It may sound weird, but I tell my patients not to read about side effects of medicines on the papers or pamphlets that come with the pills, or that can be found on the internet. This is not because I want to hide anything, but rather because the lists can be highly inaccurate and misleading. Here’s why.
Drug companies are required to list any side effect experienced by somebody taking the medication, even if there’s no evidence that the medicine caused it. If somebody in a study had a headache, then “headache” winds up in the list. I’ve occasionally seen “car accident” listed. There’s evidence that the more a person reads about all the side effects, the more likely they are to experience them. This effect is called “nocebo,” the opposite of “placebo” (see link).
Sometimes side effects are listed as “occurred in over 10% of people,” “occurred in 5-10%,” “occurred in under 1%,” etc. Still, that doesn’t mean the more frequent ones are due to the medication, because there’s no information given about who in the study got side effects on placebo (a dummy pill). If 10% of people taking the medication and also 10% of those taking placebo got a headache, the “10%” tells us nothing.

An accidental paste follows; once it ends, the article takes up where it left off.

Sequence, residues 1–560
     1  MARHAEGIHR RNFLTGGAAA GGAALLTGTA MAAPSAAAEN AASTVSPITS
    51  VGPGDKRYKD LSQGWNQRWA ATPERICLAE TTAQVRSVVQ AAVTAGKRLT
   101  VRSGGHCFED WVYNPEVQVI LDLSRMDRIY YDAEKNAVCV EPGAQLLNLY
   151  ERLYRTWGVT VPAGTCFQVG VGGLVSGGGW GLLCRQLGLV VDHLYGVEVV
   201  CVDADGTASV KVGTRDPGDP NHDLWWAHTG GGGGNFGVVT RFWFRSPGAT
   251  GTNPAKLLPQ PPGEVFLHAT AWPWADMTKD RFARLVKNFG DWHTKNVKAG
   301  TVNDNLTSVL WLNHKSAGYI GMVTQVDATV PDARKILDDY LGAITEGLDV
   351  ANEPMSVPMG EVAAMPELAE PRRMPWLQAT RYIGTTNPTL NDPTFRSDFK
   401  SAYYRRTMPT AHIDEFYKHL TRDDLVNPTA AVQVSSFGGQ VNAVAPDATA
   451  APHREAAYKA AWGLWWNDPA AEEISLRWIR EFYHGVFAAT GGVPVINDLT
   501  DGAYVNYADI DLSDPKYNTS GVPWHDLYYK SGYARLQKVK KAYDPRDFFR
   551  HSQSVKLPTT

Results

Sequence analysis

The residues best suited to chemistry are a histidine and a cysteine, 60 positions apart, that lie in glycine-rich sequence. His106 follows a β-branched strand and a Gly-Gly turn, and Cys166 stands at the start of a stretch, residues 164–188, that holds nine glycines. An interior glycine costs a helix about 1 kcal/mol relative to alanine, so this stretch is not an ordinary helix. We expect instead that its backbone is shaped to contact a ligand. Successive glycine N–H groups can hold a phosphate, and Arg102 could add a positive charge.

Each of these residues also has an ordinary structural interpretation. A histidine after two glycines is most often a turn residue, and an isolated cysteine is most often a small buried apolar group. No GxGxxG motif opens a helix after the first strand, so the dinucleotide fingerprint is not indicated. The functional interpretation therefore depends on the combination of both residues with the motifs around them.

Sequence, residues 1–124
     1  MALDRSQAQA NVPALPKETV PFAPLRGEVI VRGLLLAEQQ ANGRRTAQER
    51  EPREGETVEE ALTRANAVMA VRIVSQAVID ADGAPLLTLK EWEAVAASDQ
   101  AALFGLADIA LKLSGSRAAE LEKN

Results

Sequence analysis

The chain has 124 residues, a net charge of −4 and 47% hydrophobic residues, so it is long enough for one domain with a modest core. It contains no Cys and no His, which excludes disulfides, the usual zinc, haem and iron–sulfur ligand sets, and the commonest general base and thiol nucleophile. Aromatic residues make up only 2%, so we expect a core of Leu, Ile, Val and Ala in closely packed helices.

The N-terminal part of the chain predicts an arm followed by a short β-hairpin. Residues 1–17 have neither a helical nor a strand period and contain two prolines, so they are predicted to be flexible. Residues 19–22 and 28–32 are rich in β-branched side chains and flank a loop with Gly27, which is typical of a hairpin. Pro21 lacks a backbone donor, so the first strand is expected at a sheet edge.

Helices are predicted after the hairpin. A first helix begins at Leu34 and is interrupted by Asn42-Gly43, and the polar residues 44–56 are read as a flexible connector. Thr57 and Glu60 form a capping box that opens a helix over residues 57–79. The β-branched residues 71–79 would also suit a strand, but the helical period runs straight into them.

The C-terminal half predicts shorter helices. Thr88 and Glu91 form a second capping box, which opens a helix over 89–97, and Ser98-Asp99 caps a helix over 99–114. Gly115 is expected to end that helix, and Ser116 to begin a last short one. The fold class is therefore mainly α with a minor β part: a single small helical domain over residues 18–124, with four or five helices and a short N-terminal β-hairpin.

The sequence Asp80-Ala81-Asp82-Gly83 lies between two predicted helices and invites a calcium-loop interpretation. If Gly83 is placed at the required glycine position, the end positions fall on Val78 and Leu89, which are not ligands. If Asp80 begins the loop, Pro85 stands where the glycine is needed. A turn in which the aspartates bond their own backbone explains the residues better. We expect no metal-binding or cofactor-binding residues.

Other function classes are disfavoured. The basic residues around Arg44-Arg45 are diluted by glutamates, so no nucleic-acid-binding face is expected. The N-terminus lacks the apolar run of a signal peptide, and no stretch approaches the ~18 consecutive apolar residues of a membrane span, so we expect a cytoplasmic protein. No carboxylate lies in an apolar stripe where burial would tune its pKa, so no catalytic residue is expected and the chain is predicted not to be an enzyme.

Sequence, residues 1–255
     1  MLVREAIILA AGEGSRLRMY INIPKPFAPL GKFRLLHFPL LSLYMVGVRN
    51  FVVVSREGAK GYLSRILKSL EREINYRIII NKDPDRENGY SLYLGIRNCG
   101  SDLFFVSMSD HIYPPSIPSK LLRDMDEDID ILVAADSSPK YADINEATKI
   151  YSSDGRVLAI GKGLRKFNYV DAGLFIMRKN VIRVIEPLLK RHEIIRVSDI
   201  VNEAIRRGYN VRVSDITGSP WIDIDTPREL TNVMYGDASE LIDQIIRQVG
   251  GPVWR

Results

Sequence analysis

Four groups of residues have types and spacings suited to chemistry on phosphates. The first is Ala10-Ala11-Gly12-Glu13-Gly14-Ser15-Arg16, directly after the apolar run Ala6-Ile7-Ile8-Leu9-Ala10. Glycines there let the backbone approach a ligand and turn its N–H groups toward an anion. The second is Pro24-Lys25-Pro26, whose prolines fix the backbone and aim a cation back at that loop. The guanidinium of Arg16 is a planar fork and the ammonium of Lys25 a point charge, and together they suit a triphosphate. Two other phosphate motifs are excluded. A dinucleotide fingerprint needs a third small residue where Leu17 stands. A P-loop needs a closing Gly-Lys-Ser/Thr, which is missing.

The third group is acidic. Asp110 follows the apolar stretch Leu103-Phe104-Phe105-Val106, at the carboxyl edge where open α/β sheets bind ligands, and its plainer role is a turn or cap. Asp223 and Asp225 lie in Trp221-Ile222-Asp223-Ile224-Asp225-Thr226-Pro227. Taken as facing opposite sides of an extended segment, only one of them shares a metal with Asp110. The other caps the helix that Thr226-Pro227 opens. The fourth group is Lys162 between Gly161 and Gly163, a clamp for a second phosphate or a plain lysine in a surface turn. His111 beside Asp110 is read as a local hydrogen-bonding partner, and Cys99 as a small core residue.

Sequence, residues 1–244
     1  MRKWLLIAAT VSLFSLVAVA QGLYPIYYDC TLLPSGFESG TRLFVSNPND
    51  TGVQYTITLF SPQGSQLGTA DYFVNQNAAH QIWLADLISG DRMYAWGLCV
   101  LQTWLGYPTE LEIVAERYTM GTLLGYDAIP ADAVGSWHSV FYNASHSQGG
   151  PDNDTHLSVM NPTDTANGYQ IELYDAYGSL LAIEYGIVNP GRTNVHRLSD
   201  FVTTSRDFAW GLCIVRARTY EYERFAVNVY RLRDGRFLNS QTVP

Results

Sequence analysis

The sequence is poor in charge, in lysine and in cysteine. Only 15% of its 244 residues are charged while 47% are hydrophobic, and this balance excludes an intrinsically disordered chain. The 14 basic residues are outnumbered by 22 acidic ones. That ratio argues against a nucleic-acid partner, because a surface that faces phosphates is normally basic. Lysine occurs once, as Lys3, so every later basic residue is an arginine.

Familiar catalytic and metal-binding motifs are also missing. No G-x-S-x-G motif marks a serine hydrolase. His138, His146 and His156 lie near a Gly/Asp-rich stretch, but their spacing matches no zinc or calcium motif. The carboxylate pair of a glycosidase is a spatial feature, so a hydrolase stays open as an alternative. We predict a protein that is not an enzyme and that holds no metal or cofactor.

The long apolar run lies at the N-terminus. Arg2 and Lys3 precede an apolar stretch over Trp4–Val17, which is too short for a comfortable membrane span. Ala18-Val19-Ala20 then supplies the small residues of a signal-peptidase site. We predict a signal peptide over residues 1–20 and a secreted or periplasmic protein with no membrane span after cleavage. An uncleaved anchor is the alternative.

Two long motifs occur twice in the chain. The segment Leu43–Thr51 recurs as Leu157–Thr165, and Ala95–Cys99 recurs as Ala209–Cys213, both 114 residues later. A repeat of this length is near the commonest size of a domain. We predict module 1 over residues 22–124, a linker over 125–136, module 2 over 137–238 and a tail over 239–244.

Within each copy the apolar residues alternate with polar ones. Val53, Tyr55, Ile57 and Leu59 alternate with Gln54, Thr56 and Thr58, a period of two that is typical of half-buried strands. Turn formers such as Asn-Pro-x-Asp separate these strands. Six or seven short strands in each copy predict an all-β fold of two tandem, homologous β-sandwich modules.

It can be tricky to determine if a medication is causing a certain symptom. Sometimes it’s the disease for which the med was given that’s responsible. Symptoms like nausea and dizziness are so common that it’s almost impossible to know if it’s the medication. But some meds are notorious for causing a specific symptom, so if that occurs, the drug is likely the cause.
I’ve seen patients stop taking important, even life-saving, medications because they thought it was causing a certain symptom. Before doing so, it’s always better to discuss it with whoever gave you the med. We may well substitute another type of drug if possible. Or sometimes we advise to stop the med for a month, then try it again (called a “rechallenge”). If the side effect goes away, then happens again on rechallenge, we’re more convinced that the drug was the cause.